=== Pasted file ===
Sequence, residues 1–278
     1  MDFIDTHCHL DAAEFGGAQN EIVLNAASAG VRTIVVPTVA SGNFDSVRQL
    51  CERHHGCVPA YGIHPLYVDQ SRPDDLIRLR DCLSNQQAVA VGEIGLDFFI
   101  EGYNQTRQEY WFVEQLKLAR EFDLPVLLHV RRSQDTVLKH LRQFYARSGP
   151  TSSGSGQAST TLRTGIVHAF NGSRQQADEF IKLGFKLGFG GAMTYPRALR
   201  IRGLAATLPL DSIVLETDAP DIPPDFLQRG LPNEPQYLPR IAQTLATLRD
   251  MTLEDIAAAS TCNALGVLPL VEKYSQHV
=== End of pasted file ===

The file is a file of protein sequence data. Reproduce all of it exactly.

Sequence, residues 1–278
     1  MDFIDTHCHL DAAEFGGAQN EIVLNAASAG VRTIVVPTVA SGNFDSVRQL
    51  CERHHGCVPA YGIHPLYVDQ SRPDDLIRLR DCLSNQQAVA VGEIGLDFFI
   101  EGYNQTRQEY WFVEQLKLAR EFDLPVLLHV RRSQDTVLKH LRQFYARSGP
   151  TSSGSGQAST TLRTGIVHAF NGSRQQADEF IKLGFKLGFG GAMTYPRALR
   201  IRGLAATLPL DSIVLETDAP DIPPDFLQRG LPNEPQYLPR IAQTLATLRD
   251  MTLEDIAAAS TCNALGVLPL VEKYSQHV